Estate Planning for Same-Sex Couples After Obergefell vs. Hodges

Posted on Jul 17, 2015 in LGBT Planning

One June 26, 2015 the United States Supreme Court issued its opinion in Obergefell vs. Hodges, the name assigned to a series of consolidated cases on same-sex marriage rights.  The Court ruled 5-4 in favor of the petitioners, holding that same-sex married couples are entitled to equal protection under the laws, and that their marriages must be recognized nationwide.

Impact of Obergefell for Same-Sex Married Couples

State laws banning same-sex marriage are effectively invalidated.  Same-sex spouses will now enjoy all state tax benefits and other spousal benefits that other couples enjoy.  (including marriage, divorce, adoption & child custody, separation agreements & QDROS, marital property, survivorship spousal death benefits, inheritance through intestacy, priority rights in guardianship proceedings, contract rights, etc.)

Couples absolutely should still proactively plan.  Just because states recognize marriage doesn’t mean couples should not take control of their will and trust planning, and clearly set forth their wishes in enforceable legal documents.  All the good reasons to plan apply just as much to same-sex married couples as well as opposite-sex couples:

  • Proactively expressing their wishes concerning their medical care during periods of incapacity (through durable powers of attorney);
  • Structuring the distribution of their property-ideally in protective trusts- for the benefit of their surviving spouse and children after death;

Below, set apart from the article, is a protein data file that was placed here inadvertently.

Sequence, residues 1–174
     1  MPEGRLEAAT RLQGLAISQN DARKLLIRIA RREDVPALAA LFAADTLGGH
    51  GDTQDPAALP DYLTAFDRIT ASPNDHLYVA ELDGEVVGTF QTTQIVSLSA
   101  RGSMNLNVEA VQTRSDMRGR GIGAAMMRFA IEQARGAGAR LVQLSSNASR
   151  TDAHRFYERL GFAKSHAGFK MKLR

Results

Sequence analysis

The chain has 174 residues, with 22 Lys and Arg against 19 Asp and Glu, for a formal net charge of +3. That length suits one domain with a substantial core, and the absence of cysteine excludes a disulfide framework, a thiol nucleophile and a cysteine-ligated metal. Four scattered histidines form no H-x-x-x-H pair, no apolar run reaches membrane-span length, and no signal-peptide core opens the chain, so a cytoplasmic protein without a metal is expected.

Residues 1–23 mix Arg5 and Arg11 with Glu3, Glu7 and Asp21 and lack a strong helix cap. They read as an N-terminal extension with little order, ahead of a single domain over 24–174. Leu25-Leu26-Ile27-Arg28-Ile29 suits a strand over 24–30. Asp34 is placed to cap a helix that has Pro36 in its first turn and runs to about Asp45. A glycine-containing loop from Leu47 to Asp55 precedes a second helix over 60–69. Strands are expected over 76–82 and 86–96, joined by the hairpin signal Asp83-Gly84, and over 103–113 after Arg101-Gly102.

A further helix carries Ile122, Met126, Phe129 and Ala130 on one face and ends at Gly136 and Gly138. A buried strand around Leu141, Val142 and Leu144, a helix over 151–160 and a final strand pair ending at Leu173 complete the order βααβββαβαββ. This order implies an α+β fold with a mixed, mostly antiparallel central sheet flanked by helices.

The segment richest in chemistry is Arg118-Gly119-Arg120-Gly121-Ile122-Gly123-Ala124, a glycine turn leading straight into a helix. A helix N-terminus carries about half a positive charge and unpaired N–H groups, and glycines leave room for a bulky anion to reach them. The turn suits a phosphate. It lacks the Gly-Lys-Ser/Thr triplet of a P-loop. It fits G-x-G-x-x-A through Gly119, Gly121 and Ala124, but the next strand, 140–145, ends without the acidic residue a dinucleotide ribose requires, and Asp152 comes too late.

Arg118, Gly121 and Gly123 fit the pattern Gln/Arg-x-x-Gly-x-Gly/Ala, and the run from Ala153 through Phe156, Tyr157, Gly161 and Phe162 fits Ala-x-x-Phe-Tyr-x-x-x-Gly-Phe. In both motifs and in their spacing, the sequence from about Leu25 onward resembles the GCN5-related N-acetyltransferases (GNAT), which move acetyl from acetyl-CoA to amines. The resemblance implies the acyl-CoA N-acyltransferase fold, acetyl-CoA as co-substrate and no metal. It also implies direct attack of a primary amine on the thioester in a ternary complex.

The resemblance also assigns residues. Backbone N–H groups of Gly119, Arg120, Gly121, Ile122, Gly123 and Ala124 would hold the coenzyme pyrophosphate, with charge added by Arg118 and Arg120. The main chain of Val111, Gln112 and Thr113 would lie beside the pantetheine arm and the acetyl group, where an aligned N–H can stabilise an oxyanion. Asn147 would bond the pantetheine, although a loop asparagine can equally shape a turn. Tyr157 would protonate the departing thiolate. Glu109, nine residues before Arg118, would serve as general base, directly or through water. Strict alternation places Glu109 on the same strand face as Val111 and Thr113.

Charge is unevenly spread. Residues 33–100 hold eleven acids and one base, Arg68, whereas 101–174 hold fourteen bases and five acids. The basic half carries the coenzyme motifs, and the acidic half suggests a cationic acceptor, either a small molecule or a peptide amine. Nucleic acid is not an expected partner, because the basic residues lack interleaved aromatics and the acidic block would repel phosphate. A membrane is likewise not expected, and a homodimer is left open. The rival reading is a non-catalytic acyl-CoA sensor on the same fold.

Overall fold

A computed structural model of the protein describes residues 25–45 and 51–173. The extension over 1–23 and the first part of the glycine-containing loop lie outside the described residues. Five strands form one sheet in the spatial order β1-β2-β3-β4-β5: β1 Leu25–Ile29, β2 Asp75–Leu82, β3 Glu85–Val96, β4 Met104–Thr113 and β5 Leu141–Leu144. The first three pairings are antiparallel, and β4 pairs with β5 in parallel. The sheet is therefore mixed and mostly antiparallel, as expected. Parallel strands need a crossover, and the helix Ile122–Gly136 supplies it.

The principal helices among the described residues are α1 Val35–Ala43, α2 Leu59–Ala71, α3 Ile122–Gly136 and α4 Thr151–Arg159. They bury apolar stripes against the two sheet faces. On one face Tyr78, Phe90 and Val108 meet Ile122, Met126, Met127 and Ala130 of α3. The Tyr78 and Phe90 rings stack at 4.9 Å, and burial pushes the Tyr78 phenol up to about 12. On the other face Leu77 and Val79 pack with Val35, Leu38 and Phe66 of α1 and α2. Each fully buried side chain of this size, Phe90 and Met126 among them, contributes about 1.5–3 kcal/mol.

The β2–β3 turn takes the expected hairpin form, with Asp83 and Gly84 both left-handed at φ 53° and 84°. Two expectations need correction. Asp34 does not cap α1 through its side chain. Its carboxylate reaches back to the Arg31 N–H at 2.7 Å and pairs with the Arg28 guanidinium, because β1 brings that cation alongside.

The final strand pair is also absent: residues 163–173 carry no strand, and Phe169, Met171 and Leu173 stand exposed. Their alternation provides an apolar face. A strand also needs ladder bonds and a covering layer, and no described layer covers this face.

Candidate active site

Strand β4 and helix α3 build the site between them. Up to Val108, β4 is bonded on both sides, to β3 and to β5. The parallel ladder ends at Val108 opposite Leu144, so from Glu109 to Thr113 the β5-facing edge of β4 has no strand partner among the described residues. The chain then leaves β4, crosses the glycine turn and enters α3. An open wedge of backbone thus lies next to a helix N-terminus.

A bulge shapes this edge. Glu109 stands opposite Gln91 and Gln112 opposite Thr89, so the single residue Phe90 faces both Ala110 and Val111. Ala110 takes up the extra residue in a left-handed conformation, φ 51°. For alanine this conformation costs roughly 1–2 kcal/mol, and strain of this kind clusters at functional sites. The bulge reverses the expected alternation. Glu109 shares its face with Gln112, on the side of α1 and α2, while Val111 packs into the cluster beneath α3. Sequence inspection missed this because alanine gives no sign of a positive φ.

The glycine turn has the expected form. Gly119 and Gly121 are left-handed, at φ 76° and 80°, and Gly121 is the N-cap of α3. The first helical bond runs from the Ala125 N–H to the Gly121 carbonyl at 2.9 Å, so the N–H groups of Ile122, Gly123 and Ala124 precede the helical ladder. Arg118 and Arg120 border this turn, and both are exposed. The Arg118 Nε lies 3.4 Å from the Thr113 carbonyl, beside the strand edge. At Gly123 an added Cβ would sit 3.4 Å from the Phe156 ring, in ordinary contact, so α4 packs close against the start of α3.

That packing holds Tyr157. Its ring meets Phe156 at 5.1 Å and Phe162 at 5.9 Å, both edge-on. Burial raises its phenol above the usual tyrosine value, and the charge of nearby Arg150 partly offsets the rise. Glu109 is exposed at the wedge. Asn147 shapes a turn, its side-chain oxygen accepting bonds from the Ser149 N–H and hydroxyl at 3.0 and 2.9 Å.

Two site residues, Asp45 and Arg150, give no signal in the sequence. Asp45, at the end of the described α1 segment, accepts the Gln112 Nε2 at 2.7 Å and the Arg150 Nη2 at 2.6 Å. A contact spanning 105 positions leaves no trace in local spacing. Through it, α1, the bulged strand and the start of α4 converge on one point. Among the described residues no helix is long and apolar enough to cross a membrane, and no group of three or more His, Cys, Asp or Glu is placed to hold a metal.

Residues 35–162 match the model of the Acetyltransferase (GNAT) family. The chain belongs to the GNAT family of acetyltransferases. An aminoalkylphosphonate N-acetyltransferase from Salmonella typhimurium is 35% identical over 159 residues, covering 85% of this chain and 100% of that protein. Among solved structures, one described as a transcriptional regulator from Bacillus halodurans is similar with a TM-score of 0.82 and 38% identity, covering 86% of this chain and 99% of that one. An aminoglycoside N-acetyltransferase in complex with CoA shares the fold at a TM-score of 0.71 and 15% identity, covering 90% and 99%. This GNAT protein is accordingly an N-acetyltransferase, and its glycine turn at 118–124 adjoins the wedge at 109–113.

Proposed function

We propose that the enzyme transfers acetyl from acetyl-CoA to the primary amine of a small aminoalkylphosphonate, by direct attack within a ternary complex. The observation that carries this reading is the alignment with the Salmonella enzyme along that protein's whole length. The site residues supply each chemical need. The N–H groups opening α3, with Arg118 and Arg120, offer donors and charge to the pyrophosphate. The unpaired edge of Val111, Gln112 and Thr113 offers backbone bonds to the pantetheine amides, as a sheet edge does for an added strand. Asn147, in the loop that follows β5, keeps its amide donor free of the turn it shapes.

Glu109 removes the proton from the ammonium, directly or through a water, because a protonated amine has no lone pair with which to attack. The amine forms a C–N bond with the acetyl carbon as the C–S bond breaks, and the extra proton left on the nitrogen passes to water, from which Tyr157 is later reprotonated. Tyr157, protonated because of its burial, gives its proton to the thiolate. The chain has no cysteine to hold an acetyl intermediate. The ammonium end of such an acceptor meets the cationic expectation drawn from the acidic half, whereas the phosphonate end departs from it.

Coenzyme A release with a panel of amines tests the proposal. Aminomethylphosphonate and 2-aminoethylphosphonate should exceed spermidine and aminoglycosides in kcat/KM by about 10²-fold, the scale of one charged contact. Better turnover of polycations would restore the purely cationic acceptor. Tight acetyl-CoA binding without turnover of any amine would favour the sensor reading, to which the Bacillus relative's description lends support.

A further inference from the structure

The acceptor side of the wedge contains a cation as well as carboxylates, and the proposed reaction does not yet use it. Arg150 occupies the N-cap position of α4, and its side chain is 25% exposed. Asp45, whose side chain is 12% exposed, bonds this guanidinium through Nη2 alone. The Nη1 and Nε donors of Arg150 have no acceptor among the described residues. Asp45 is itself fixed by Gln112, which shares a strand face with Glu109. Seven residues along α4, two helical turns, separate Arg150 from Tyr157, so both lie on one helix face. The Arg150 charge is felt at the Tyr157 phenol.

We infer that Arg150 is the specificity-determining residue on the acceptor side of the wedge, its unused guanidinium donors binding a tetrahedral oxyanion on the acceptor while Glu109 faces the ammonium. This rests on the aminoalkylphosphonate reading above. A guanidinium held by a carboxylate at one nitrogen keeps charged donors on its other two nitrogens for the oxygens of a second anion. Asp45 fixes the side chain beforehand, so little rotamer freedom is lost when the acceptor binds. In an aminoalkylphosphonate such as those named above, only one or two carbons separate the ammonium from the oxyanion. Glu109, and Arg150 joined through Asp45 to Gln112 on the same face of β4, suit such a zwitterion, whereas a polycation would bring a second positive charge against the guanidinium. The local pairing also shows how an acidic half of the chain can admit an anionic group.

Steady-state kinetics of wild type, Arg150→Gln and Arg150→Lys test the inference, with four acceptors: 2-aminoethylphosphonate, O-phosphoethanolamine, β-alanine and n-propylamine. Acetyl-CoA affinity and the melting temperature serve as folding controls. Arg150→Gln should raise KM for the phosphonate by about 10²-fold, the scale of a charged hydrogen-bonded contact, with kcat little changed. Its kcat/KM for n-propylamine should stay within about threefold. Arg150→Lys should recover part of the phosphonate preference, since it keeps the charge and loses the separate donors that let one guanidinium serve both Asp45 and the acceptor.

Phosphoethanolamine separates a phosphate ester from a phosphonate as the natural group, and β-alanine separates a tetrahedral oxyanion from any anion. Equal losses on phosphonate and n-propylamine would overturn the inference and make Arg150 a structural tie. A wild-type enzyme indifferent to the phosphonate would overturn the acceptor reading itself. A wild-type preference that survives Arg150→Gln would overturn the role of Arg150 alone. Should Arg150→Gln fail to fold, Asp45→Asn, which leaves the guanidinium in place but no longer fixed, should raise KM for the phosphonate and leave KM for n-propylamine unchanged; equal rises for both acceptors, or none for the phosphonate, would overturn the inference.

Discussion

• Establishing trust to preserve privacy, and to avoid the delay and expense of guardianship or probate proceedings during incapacity and after death;
  • Providing mechanisms that allow flexibility in administering those trusts to account for changes in the law, or changes in beneficiary circumstances after death (through carefully-tailored choice of law, decanting, or trust protector provisions);
  • Providing clarity and discretion to a trustee to make strategic tax decisions through trust administration after death (through various investment powers, and accounting and tax provisions);
  • Providing for family members other than a spouse or child through their estate plans;
  • Making gifts to religious or other charitable organizations through their estates;
  • Allowing orderly operation and transition of businesses or professional practices through incapacity or death

Obergefell likely represents the last word on same-sex marriage, elevating these relationships to equal statute with other marriages.  While same-sex married couples are now entitled to equal protection under the laws of every state, the efficacy of those laws in ensuring dignity in disability and death, and orderly structured distribution of property after death is very limited for all couples.  Families should always take control of their planning and leave as little to state law interpretation as possible.  That is best done through careful planning with experienced professionals who can intelligently guide the family through the process.

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